• Restricting housing choices for low-income families.  Housing agencies could also reduce costs by lowering the maximum amount of rent a voucher can cover, called the “payment standard.”  A family that rents a unit for a rent above the payment standard must pay all of the extra cost itself.

    Agencies generally must set maximum rents within 10 percent of the local Fair Market Rent (FMR), HUD’s estimate of the cost of modest rental housing in each metropolitan area or rural county.  MTW agencies, in contrast, can set payment standards at any level they choose.  Funding reductions could compel agencies to use this flexibility to significantly lower payment standards across the board.  This would force families either to pay more in rent or move to a unit with a rent below the new, reduced payment standard.  Such low-cost units are often located disproportionately in higher-poverty neighborhoods with relatively high crime rates, poor schools, and few job opportunities.

Some MTW agencies have used the above flexibility to raise rent burdens on the neediest families, restrict housing choice, or assist fewer families than they could have with available funds, while others have opted to avoid such policies.  For the most part, however, agencies have made these decisions in the context of abundant funding; when they raised rents or restricted choice, it generally reflected the agency’s policy preferences.  But if a large increase in the share of the voucher and public housing programs subject to MTW block grants caused funding to drop or erode substantially over time, all MTW agencies would be compelled to reduce expenditures, and harsh cuts likely would become more common.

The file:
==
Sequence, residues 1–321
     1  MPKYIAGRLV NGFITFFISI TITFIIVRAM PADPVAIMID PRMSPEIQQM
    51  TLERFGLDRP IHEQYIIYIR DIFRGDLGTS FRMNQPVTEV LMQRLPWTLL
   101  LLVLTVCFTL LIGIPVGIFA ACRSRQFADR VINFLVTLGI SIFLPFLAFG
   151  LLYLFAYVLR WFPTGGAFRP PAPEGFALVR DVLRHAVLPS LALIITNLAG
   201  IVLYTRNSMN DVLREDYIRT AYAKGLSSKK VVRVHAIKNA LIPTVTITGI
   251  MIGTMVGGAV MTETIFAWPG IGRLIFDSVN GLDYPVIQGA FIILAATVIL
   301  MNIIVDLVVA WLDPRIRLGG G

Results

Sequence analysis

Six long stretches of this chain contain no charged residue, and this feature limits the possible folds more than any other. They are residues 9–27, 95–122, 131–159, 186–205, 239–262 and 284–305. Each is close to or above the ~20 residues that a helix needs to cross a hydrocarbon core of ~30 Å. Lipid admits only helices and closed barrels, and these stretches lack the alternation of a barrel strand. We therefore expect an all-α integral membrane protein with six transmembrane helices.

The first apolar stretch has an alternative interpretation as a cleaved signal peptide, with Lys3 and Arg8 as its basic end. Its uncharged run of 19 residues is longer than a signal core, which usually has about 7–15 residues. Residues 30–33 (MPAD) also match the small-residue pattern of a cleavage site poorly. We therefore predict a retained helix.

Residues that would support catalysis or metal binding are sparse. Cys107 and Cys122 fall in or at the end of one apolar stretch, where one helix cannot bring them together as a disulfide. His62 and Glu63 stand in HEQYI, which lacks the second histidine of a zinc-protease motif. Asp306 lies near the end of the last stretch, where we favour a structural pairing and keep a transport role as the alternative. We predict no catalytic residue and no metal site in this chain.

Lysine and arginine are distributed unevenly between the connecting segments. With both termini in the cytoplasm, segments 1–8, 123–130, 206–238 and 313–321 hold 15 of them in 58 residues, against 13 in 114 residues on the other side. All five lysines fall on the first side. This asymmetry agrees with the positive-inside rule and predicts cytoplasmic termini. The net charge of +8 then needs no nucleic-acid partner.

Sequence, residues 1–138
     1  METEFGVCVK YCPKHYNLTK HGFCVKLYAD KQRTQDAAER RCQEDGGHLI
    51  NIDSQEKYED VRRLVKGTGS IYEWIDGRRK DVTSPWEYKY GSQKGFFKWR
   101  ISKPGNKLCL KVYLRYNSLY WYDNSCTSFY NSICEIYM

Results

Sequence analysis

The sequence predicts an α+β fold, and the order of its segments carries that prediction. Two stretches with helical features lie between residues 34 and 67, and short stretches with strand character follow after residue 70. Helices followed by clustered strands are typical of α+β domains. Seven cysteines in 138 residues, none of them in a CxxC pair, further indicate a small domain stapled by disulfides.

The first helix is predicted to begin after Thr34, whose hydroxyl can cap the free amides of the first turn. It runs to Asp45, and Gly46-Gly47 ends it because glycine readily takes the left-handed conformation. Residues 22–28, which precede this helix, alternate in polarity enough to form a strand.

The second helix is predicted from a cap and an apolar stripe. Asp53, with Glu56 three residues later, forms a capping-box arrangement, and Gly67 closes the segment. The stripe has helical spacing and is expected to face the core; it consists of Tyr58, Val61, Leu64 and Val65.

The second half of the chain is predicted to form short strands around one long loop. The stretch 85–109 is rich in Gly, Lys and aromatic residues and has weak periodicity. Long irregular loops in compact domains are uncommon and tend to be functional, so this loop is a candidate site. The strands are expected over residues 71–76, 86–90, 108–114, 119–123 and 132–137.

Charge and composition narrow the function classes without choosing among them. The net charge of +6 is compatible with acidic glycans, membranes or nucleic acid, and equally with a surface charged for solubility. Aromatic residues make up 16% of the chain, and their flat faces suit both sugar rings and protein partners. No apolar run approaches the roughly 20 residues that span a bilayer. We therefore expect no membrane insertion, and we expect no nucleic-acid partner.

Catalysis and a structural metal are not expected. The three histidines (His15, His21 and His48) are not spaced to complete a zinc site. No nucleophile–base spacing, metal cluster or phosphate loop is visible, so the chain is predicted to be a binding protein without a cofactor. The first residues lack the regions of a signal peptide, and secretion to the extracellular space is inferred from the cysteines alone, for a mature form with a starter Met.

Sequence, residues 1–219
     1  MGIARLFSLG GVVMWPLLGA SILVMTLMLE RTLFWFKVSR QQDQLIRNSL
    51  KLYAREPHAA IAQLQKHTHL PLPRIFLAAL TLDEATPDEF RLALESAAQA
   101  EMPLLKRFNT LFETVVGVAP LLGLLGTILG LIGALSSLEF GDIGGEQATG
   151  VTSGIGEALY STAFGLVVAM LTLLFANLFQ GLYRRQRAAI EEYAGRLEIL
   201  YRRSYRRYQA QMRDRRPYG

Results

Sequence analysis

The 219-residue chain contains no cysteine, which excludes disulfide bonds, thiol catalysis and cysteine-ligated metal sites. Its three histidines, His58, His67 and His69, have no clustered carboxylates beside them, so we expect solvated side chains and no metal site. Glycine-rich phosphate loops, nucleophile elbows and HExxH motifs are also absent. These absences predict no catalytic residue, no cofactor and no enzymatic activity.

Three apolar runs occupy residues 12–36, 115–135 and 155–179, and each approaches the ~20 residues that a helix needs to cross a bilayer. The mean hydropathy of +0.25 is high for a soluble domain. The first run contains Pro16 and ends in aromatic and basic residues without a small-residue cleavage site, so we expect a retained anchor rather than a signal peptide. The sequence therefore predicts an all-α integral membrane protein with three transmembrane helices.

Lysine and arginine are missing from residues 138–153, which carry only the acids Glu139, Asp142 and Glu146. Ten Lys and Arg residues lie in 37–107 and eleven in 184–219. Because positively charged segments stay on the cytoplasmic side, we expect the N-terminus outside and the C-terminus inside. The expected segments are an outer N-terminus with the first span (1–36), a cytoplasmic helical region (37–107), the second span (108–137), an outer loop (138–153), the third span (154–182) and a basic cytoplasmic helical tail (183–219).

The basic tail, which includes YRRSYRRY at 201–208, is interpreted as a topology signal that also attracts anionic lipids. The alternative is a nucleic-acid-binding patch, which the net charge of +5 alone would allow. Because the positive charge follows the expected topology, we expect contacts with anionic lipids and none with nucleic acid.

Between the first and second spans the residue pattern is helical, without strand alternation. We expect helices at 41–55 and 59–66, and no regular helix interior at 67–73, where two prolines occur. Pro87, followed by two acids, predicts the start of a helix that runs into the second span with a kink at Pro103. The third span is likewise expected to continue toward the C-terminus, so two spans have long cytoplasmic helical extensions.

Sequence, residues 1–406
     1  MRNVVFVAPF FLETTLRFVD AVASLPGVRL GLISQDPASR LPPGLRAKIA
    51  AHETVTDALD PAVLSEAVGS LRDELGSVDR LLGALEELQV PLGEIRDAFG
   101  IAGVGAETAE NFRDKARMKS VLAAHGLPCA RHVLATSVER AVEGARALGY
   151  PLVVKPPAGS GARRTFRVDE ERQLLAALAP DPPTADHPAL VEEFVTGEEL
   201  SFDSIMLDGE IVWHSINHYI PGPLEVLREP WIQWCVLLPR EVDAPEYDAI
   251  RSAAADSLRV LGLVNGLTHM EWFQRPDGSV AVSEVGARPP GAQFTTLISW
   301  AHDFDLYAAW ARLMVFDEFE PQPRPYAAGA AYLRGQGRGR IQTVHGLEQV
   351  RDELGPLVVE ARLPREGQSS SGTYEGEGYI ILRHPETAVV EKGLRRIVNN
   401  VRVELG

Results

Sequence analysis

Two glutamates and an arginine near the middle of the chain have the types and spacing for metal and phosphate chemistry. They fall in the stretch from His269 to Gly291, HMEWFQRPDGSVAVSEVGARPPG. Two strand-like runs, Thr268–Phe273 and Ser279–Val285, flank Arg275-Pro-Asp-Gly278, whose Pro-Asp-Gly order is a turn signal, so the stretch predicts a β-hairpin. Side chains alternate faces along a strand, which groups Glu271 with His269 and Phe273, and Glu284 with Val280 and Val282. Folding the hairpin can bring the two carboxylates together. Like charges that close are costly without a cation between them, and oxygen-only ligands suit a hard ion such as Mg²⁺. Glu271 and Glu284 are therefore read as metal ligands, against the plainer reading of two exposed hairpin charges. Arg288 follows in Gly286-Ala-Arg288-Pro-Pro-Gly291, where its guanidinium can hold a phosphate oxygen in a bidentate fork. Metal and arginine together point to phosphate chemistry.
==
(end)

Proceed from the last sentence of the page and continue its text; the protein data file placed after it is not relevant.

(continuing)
End Notes

[1] For more on the BCA, see Richard Kogan, “How the Across-the-Board Cuts in the Budget Control Act Will Work,” Center on Budget and Policy Priorities, December 2, 2011,, and Richard Kogan, “Coming Reductions in Discretionary Funding Will Be Larger For Non-Defense Programs than Defense Programs,” Center on Budget and Policy Priorities, January 3, 2012,

[2] The risk of long-term reductions in funding is only one of many strong reasons that large-scale expansion of the MTW demonstration would be unwise.  See Will Fischer, “Expansion of HUD’s “Moving-To-Work” Demonstration Is Not Justified,” Center on Budget and Policy Priorities, September 27, 2011,

[3] The HUD Secretary has no power to waive statutes unless Congress specifically authorizes such power.  Under MTW, HUD may waive any provision of the U.S. Housing Act of 1937 for participating agencies except for those governing labor standards and the demolition and disposition of public housing.

[4] In some recent annual appropriations laws, Congress has permitted HUD to expand MTW incrementally.  Currently, 35 agencies that administer roughly 420,000 voucher and public housing units participate in the demonstration, and HUD may add four agencies in the near future.